Nervous fibres, deprived of their neurilema and unravelled, showing the smaller threads, or filaments, of whieh the fibres consist.
30. The nervous tissue is also abundantly supplied with blood vessels, like the muscular ; so that there is not a fibre or filament, however minute, which is not supplied by a distinct blood vessel. The nervous structure forms the brain.
Ultimate fibres of nerve highly magnified ; showing the strings of globules of which they consist.
31. Much controversy exists in relation to the shape of the ultimate particles of nervous matter ; but while microscopical observations differ as much as they have done hitherto, the question may fairly be considered as unsettled. The common opinion is, that the ultimate filaments of which they are composed, are formed of globules of extreme minuteness. But then, when we consider the peculiar difficulties attending investigations of this nature, that they require unwearied perseverance, extreme accuracy, great patience, and a dexterity with the hand, united with a delicate discrimination of the eye, that belong to few:, and when we consider moreover, that these very endowments can only be acquired by long practice, we shall be led to pause, before we adopt the opinions of every microscopical enthusiast who enters on this very extensive, and deeply fascinating field of discovery.
Portion of the trunk of a nerve dividing into two branches.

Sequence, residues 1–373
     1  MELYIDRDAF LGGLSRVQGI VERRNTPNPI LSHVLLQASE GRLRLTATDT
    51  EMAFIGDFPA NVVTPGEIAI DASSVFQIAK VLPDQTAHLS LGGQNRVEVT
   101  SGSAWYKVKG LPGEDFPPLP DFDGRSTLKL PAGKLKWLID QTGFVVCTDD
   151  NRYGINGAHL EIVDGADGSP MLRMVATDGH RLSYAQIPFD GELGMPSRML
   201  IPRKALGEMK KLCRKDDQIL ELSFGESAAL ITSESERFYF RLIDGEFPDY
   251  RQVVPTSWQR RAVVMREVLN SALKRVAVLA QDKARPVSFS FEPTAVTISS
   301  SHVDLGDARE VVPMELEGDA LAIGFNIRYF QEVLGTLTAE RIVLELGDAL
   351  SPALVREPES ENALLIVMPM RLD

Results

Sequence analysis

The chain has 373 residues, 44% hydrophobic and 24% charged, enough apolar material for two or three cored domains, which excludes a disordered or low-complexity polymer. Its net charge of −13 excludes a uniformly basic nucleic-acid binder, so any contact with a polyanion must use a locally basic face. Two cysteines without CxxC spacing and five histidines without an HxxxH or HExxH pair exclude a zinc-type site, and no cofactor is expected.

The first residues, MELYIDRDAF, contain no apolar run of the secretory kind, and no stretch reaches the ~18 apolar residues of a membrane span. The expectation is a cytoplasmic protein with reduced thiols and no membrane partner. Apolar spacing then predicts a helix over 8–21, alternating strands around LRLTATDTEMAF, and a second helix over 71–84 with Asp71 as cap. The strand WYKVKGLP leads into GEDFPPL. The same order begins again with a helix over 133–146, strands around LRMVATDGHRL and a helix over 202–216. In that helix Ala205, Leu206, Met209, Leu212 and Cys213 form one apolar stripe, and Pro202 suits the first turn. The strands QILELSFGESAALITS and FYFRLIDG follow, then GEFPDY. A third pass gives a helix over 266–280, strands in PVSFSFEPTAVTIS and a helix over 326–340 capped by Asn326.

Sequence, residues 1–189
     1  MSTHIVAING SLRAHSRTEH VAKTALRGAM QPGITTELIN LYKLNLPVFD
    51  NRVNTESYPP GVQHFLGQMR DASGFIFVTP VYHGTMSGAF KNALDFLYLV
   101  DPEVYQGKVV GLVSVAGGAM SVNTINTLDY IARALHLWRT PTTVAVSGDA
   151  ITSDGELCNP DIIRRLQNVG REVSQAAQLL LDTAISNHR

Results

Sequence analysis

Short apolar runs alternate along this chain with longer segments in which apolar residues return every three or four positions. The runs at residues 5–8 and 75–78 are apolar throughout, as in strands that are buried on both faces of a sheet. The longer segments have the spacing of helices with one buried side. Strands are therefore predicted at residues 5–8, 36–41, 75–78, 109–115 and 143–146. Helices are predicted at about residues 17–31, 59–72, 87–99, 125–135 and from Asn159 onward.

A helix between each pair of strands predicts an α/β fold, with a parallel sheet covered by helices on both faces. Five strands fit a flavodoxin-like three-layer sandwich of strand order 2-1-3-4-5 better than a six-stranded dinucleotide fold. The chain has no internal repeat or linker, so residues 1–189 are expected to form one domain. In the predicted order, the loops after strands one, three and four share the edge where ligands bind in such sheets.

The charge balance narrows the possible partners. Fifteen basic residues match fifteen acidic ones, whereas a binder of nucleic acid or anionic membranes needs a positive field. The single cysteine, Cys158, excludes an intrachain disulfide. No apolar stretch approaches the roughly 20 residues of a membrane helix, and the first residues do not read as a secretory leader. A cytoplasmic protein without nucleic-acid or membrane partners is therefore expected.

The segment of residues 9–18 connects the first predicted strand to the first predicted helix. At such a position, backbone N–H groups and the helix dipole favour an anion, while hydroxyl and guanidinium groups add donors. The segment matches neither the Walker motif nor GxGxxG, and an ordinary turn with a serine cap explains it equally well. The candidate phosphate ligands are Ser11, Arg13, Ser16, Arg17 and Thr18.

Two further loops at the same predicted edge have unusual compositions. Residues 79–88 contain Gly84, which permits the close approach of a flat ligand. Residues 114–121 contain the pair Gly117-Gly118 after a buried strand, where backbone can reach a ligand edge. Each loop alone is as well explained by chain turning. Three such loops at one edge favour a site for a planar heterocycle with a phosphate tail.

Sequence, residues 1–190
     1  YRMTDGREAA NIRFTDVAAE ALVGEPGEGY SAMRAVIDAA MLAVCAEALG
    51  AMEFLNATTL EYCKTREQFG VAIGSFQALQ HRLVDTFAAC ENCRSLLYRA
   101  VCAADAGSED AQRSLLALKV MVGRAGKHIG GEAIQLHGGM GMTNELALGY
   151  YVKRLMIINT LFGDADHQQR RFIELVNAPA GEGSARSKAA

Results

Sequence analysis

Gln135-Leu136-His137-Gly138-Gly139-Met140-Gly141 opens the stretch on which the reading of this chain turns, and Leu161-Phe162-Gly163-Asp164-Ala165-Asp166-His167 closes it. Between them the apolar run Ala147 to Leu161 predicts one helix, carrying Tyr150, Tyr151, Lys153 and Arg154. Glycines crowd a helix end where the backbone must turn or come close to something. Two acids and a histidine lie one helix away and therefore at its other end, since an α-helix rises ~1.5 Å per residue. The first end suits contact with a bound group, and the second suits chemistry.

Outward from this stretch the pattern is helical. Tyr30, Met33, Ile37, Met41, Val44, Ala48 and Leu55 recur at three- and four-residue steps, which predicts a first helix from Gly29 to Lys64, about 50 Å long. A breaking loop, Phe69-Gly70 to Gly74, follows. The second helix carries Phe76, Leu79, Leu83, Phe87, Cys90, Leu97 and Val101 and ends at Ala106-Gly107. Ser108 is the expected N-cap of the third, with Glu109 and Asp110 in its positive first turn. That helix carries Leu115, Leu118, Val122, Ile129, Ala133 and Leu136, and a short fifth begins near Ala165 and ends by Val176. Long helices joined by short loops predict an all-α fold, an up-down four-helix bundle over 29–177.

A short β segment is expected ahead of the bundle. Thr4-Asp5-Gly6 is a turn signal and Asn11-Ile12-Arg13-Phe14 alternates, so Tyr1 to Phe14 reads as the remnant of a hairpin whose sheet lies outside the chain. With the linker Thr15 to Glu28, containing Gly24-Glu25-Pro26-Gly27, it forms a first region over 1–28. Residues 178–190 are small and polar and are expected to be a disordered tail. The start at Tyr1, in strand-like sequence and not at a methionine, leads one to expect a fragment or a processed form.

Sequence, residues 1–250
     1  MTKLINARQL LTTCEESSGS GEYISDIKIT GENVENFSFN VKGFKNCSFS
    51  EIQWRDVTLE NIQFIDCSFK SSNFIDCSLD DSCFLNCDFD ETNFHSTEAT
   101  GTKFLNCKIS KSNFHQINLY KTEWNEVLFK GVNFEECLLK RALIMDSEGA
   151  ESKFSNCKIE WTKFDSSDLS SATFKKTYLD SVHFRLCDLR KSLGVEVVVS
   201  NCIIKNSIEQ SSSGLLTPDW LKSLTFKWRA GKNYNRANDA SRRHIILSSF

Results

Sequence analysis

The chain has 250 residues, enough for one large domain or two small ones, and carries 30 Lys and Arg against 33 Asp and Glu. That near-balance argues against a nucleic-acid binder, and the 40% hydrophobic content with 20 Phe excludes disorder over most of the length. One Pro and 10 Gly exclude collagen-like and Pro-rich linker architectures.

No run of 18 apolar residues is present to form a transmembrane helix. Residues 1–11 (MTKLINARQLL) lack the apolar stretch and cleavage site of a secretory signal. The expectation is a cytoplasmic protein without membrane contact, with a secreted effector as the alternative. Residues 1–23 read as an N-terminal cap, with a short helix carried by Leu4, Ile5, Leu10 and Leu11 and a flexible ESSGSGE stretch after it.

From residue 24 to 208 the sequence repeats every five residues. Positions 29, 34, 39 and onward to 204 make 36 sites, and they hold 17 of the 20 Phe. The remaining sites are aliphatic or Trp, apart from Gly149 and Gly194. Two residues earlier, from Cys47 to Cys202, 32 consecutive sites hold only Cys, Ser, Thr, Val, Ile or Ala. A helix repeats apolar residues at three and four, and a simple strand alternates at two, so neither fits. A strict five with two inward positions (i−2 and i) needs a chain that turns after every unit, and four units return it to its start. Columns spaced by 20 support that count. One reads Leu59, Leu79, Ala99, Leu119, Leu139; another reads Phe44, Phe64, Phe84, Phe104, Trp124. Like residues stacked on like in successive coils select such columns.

Describe the fibrous structure. What are its uses ? What are ligaments ? What is a capsular ligament ? What use do ligaments serve ? When sprained, what is a good remedy ? What is a tendon or sinew ? Where are they found ? What their use ? Of what composed ? Have they much sensibility ? Why are bones sometimes placed in a tendon ? What use does the knee pan serve ? Describe the cartilaginous tissue. What are its uses ? How may its structure be shown ? What is the elastic tissue ? Where is it found ? What are its uses ? What constitutes the most solid portion of the system ? What are the uses of the bones ? How many are there in the human skeleton ? Is bone supplied with blood vessels ? What is the different density of bones owing to ? What situation do the bones occupy in man ? In the Crustacea and insects ? Describe the structure of the long bones ?-of the flat bones ? What is the chief use of the flat bones ? What covering have the bones ? What is the structure of the periosteum ? What its use ? How are the bones nourished ? What effect has madder upon bones when taken internally ? What is marrow ? Where is it deposited ? What its use ? At what period of life is it most abundant ? What is the composition of bone. What pro portion is animal matter ? What earthy ? How are these different substances shown ? Are their proportions affected by age or health ? What is the consequence when the earthy matter is deficient ? What when the animal ? How are spinal distortions best remedied ? How is bone formed ? Are all the bones formed at the time of birth ? What is muscular tissue ? By what property is it distinguished ?-Of what composed ? What are fibres ? What bundles ? How do the fibres appear? Do all muscles possess the fibrous arrangement? To what is the colour of muscle owing ? Of what colour is the muscle of fishes ? Of what shape are muscles ? What is the chemical composition of muscular tissue ? Does age affect the quantity of fibrin in animals ? What peculiar property does muscular fibre possess ? What its use ? Describe the nervous tissue. What is the neurilema? Does nervous tissue abound with blood vessels ? What does it form ? How many kinds of substance is contained in it ? What is the cineritious ? What their cortical portion ? Does either alone form any organ ? What is said of the shape of the ultimate particles of matter ?